Years ago the deceased’s wife passed away here and her death was a great sorrow for the pioneer. He is survived by a son, James P. [sic] Stanley, and a grandson. Other relatives survive and are in the east.
In the death of Mr. Stanley Santa Rosa and Sebastopol and the community generally has lost an honored and upright citizen and all hope that there was an abundant entrance for his soul into the realms that are brighter than day as a toward for his uprightness of life and his smoothing of the pathway of sadness for so many while here below.
John Preston Stanley was a native of Massachusetts and was born June 16 1834. His early years were spent on a farm but he later became a jeweler and came to California in 1858, settling In Amador county, at a place called “Olita,” an Indian word meaning “home.”
He remained there in business until 1867 when he went to Sutter creek and was in business there until 1873 when he went to Salinas and embarked in the furniture and undertaking business.
Mr. Stanley came to Santa Rosa in 1883 and engaged in the hardware business with two well-known residents of that day, under the firm name of Stanley, Neblett & Julliard, being located at Second and Main streets, the center of business activities of the city. His old partner, C. V. Julliard, passed away only a few weeks ago. [sic: The man involved was W. B. Stanley, not John, and that business failed in 1880]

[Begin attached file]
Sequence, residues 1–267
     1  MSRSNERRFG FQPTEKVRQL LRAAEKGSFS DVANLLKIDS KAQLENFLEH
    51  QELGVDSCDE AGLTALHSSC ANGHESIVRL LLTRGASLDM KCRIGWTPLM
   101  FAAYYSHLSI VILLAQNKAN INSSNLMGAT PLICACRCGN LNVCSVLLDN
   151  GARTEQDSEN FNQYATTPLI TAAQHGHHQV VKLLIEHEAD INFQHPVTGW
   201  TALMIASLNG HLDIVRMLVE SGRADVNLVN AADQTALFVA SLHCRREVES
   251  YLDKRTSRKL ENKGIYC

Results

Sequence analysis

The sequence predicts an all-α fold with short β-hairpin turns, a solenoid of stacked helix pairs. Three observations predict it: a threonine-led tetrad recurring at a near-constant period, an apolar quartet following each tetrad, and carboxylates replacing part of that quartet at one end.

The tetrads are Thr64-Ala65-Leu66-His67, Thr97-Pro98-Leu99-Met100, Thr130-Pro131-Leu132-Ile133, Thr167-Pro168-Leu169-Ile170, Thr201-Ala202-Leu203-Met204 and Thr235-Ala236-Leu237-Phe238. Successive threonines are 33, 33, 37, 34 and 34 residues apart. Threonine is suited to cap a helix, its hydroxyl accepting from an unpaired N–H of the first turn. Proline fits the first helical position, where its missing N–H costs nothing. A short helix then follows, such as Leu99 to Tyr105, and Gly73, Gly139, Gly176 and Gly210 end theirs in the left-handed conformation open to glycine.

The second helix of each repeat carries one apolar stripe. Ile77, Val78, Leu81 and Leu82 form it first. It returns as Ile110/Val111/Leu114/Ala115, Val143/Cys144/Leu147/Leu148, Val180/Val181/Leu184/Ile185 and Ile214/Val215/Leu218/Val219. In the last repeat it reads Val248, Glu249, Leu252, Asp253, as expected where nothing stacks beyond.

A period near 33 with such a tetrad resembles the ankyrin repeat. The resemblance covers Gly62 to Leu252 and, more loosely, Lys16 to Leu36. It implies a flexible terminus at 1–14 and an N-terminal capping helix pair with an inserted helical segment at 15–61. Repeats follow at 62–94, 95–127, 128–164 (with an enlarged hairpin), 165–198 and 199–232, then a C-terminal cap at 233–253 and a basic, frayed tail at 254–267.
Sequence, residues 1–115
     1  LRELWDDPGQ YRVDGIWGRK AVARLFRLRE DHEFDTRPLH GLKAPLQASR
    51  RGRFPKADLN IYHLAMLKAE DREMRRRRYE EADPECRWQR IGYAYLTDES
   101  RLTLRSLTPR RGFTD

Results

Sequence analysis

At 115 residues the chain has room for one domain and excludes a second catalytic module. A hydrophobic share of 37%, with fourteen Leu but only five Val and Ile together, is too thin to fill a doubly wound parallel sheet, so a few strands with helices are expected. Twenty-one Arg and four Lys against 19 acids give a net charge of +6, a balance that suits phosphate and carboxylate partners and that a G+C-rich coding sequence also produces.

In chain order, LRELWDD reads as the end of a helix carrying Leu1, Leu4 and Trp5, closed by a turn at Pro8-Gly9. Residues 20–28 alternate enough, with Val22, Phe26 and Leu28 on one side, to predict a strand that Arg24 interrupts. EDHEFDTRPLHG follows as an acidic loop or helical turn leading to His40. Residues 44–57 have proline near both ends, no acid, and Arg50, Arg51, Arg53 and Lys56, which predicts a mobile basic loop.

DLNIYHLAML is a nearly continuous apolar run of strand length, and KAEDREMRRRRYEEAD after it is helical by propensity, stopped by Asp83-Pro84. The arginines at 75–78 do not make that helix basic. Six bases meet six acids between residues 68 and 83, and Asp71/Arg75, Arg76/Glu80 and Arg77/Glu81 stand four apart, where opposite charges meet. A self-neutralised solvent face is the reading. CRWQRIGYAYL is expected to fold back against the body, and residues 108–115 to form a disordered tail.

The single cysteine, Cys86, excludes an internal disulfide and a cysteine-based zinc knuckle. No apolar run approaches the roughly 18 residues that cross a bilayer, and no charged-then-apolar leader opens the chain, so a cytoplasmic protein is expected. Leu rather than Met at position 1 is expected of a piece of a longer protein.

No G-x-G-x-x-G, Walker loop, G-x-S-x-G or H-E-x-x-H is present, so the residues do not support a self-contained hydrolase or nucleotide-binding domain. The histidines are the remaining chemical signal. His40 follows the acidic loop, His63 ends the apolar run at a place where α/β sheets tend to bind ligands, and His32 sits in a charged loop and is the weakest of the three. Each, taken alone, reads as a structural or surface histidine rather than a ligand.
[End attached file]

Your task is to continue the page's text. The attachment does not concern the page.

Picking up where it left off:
He was for many years with the late M. S. Davis in the undertaking business and remained with the Welti Bros., when the latter purchased the business after the fire of 1906 up to within a few months ago when he was compelled to give up active life.
He became well known through his interest in art, his fine collection of paintings by California masters and his collection of Indian basketry and Indian relics.
The fire of 1906 had destroyed his then fine collection. among which were several fine Keiths, a loss that can never be replaced. Mr. Stanley at once began another collection and through his wide acquaintance was able to get a notable gallery together at his home in Sebastopol.
He was married in 1871 to Emily Goodwin of San Francisco, who died in 1896. One son survives, James F. Stanley. Deceased was a member of the Odd Fellows fraternity for more than 53 years and was a past grand of Salinas (California) lodge.
– Press Democrat, January 11 1918
J. P. STANLEY IS AT FINAL REST
Remains Taken to Mt. Olivet Cemetery Monday Following Funeral Services in Odd Fellow Hall Sunday.
The remains of the late John P. Stanley were taken to San Francisco and laid to their final rest in Mt. Olivet cemetery, as requested by the deceased before his death.
The funeral in Odd Fellows’ hall Sunday afternoon was very largely attended by members of the Congregational church and Santa Rosa Lodge of Odd Fellows, the two organizations under whose auspices the services were held and the many friends of the deceased…
– Press Democrat January 15 1918
TRIBUTE TO LATE JOHN P. STANLEY
Attorney Rolfe L. Thompson, an old and valued friend of decedent, delivered the eulogy which is remarkable for the temperateness with which the many and varied virtues of Mr. Stanley were exploited. He said in part: